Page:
1:30 PM - *ES09.07.01
Ion Storage in Porous Electrodes—Can We Achieve and Describe Selective Ion Electrosorption?
Wetsus, European Centre of Excellence for Sustainable Water Technology1,University of Twente2
The continual increase in global population, along with a rapid progression towards extensive urbanization and industrialization, serves as the driving force for the upsurge in the development of water desalination technologies. There are only a limited number of ion removal technologies available on the market. Distillation is used for ion streams with high salt concentration, reverse osmosis (RO) is used for both intermediate salt concentrations as well as brackish water, and electrochemical technologies like electrodialysis (ED/EDR) and capacitive deionization (CDI) are used for brackish water with relatively low salt concentrations. In addition to desalination, there is an increasing demand for the selective uptake of ions. Along this line of motivation, CDI has the potential to offer diverse means to accomplish selective ion separation from aqueous solutions.
CDI is a water desalination technology that facilitates adsorption of ions via two oppositely polarized porous electrodes. In a traditional sense, CDI typically utilizes high surface area carbon materials, where the ions are trapped within the electrical double layers (EDLs) formed in the pores of the carbon electrodes . However, in recent times, new hybrid carbon-intercalation electrodes employing materials with redox activity have been introduced to CDI, [2, 3], in which the ionic species are stored in the crystallographic sites of the intercalation host compound (IHC).
Preferential ion electrosorption in capacitive deionization (CDI) has been the primary focal point of a number of contemporary studies. In general, the major influential factors that regulate ion selectivity of these porous electrodes include: (i) operating conditions such as applied cell voltage and initial ion concentration, (ii) ion properties like ion valence, hydrated size, and electronegativity, and (iii) micropore characteristics such as chemical surface groups and pore sizes. Hence, the technological hurdles associated with the development of efficient CDI electrodes with enhanced ion selectivity are manifold. Furthermore, a comprehensive knowledge of the underlying mechanisms and the materials involved is of prime importance to enact successful optimization of relevant process parameters (e.g. voltage, current, flow, cycle time), to attain preferable ion selectivity during the adsorption/regeneration phase.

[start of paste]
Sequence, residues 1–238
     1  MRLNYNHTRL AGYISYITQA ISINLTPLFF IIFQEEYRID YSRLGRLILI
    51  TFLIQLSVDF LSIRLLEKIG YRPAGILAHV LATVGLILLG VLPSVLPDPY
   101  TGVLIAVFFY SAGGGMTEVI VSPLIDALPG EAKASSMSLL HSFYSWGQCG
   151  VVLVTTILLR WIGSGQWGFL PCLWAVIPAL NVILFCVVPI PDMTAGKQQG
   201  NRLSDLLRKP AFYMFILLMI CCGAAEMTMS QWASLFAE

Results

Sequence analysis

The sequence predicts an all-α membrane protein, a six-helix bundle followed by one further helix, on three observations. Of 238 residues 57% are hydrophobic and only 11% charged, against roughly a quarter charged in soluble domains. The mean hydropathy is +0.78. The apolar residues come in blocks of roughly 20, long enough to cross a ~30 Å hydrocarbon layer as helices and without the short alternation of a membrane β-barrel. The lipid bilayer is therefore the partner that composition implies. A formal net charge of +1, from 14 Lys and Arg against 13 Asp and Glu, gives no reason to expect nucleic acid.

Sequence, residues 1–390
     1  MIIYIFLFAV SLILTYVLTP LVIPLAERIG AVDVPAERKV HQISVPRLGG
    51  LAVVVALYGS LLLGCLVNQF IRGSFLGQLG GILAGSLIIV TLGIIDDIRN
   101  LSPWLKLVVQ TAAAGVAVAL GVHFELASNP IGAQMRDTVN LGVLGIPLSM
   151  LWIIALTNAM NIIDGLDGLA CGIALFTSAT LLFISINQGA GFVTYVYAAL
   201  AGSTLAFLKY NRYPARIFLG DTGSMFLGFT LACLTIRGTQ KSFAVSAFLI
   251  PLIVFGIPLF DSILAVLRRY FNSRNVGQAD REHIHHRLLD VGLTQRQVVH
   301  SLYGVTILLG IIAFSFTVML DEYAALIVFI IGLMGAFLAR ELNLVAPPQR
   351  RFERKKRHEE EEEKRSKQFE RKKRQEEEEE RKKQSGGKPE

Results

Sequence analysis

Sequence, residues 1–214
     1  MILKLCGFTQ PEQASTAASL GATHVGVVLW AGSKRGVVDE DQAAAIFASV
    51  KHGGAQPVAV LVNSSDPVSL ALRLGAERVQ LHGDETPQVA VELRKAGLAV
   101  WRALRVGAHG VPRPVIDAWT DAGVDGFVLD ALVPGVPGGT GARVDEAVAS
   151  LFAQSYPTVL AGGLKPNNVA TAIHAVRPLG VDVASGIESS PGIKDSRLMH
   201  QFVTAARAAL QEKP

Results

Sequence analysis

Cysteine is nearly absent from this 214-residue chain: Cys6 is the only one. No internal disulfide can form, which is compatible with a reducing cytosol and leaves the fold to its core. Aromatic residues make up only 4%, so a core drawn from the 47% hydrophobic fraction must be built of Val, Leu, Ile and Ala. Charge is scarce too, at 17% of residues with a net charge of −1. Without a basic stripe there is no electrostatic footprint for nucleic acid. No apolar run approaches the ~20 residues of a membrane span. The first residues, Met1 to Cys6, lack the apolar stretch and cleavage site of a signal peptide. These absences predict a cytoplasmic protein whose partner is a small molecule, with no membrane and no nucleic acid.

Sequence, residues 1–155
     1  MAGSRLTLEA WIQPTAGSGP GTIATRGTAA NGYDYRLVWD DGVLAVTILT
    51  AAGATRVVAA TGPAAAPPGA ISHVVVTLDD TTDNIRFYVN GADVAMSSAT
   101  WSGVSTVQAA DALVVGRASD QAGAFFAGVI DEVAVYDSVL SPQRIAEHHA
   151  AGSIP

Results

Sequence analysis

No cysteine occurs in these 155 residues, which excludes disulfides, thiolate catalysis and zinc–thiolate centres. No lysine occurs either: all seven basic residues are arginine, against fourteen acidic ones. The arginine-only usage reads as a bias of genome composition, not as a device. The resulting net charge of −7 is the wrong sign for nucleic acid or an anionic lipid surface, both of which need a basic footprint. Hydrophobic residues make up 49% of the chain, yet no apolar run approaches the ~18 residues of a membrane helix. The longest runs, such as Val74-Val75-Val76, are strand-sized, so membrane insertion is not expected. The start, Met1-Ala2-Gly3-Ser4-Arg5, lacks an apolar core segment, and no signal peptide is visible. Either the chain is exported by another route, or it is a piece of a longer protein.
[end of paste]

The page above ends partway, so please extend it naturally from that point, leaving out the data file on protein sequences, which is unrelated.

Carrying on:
This talk will be centered on the comparative analysis between conventional CDI electrodes with porous carbons, and the most recent intercalation electrodes [4, 5-6], utilized for the purpose of water desalination and selective ion separations. In the case of the latter, redox-active nickel hexacyanoferrate (NiHCF) nanoparticles embedded in a carbon matrix facilitates the intercalation and de-intercalation of Na+ ions, producing fresh water via a cyclic charging and discharging CDI process. Conclusively, alternate materials that can offer potential in advancing ion separation process will be also discussed.
This presentation provides a general overview addressing various material challenges in relation to ion removal within the domain of CDI.
1. M. E. Suss, et al. Energy. Environ. Sci., 2015, 8, 2296-2319.
2. M. Pasta, et al. Nano Lett., 2012, 12, 839-843.
3. P. Srimuk, et al. J. Mater. Chem. A, 2016, 4, 18265-18271.
4. K. C. Smith, J. Electrochem. Soc., 2016, 163, A530-A539.
5. S. Porada, et al. Electrochim. Acta, 2017, 255, 369-378.
6. K. Singh, at al. Phys. Rev. Appl., 2018, 9, 064036